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Himalayan Cataract Project E-News: July 2012

Dr. Hailu Somega Yewubnesh
Dr. Hailu Somega Yewubnesh of Ethiopia (on the right) in the operating room at Tilganga Institute of Ophthalmology in Nepal. Read more in the first news item below.

Here you will find news on the latest international eye care activities from the Himalayan Cataract Project (HCP). This month’s newsletter includes summaries on the following:

HCP-Supported Training

  • Ethiopian ophthalmologist completes Fellowship
  • Ghanaian nurse receives pediatric sub-specialty training at LAICO
  • Ophthalmic tech from Ethiopia departs for Nepal training


  • News article features work of Drs. Ruit and Tabin
  • Dr. Tabin speaks about affordability and sustainability in eye care
  • New paper by HCP Affiliated Ophthalmologist published in Journal of Cataract & Refractive Surgery


  • HCP is recruiting runners for Ethiopian trail race to support cataract outreach in Tigray
  • HCP launches Twitter & Facebook pages
  • HCP supporter visits Tilganga in Nepal
  • Young HCP donors hold Fourth of July fundraiser

HCP-Supported Training

Ethiopian ophthalmologist completes Fellowship at Tilganga

Dr. Hailu and Tilganga doctors.
Dr. Hailu (on left) and Tilganga doctors.

Dr. Hailu Somega Yewubnesh from Arbaminch Hospital in Ethiopia successfully completed a one-year cornea and external disease fellowship with the Himalayan Cataract Project. The final rotation included a three-month, hands-on training and clinical exposure in Nepal at the HCP’s flagship training center, the Tilganga Institute of Ophthalmology (TIO).

HCP has been working with Dr. Hailu since 2010 when she participated in a six-week Small Incision Cataract Surgery course at TIO. Since then she has hosted HCP affiliated ophthalmologists at her home hospital, Arbraminch, for several high-volume cataract interventions.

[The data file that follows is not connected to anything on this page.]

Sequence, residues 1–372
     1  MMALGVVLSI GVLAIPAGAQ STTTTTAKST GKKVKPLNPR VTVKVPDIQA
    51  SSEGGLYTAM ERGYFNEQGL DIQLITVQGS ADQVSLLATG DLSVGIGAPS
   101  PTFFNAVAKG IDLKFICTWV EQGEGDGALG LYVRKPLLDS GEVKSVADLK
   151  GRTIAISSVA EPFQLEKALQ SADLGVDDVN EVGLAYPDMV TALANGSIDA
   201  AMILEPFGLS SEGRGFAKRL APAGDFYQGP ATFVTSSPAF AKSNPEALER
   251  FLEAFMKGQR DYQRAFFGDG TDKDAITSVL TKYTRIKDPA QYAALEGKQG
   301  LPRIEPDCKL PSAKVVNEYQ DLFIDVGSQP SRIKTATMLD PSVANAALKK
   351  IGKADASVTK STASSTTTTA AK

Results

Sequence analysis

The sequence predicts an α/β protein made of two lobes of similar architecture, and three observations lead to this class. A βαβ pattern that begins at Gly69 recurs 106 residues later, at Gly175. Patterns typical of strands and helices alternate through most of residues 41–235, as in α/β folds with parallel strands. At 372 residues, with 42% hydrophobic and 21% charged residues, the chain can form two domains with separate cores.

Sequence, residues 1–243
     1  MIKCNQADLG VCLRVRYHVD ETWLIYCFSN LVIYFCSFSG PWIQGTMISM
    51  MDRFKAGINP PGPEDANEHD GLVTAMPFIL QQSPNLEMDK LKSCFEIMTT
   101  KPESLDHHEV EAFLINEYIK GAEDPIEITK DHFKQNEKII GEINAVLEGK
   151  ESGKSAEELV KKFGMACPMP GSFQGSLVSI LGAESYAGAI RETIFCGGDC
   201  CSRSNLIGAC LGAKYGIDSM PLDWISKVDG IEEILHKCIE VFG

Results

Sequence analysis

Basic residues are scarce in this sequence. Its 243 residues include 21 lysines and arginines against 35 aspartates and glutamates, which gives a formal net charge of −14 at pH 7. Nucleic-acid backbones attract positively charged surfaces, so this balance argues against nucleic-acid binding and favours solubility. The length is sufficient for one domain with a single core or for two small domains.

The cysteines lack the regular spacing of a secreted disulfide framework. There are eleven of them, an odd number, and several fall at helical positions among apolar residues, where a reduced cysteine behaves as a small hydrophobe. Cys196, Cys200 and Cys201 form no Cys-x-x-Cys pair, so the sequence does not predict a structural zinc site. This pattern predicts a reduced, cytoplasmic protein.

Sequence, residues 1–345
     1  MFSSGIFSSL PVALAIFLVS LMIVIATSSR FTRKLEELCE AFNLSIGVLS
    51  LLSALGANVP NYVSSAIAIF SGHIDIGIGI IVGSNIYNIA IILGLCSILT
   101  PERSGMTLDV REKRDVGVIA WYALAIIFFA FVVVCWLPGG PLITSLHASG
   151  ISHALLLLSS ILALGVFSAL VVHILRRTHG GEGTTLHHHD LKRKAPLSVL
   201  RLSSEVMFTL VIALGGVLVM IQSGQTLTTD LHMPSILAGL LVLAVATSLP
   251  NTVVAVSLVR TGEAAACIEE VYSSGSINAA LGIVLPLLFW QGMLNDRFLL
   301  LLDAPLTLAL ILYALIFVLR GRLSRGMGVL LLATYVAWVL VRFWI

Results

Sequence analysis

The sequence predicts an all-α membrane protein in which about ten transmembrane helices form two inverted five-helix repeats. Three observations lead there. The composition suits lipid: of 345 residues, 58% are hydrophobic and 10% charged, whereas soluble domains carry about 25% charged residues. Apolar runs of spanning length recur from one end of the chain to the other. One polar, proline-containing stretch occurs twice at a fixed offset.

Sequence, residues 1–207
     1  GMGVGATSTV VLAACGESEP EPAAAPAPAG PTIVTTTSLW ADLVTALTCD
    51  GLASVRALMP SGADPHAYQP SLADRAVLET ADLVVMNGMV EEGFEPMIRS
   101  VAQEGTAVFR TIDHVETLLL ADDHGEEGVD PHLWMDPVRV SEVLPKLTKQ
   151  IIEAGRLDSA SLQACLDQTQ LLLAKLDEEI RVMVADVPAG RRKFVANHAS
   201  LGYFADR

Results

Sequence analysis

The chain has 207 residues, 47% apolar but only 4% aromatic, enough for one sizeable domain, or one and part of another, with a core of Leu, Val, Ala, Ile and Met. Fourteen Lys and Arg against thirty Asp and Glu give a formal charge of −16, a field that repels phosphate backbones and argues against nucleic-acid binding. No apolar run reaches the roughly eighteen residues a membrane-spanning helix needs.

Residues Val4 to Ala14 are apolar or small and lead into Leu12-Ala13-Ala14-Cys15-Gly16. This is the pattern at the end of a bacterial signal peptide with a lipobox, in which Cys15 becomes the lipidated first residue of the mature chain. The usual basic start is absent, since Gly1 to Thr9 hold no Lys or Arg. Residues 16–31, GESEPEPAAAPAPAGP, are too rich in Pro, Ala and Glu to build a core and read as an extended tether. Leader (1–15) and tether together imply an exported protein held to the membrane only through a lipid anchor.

The experience I have is tremendous and I can say it is the best experience I have ever had. My contribution during the training as such is nothing but after this training I am sure it will have a great impact on the prevention of blindness in SICS and cornea.” 

“My interest in ophthalmology started in my final year of medical school after visiting some of the blind people in southern region of my country. Most of the causes of blindness in that area were trachoma-related corneal opacity and cataract. These people were begging in the street because of their blindness and were discriminated against. So I decided to join ophthalmology in order to contribute to the reduction of blindness in my country.”   —Dr. Hailu Somega Yewubnesh

Dr. Reeta Gurung, Tilganga’s Deputy Medical Director, and Dr. Hailu.
Dr. Reeta Gurung, Tilganga’s Deputy Medical Director (on left), and Dr. Hailu.
Dr. Hailu.
Dr. Hailu.

Ghanaian nurse receives pediatric sub-specialty training at LAICO

Yaa Serwaa Amaniampong

Ghanaian ophthalmic nurse Yaa Serwaa Amaniampong is half-way through a three-month pediatric ophthalmology training program at Lions Aravind Institute of Community Ophthalmology in India. In the photo above, she is in the operating room, applying eye dressing and bandages to a child after a cataract surgery.

Ophthalmic tech from Ethiopia departs for Nepal training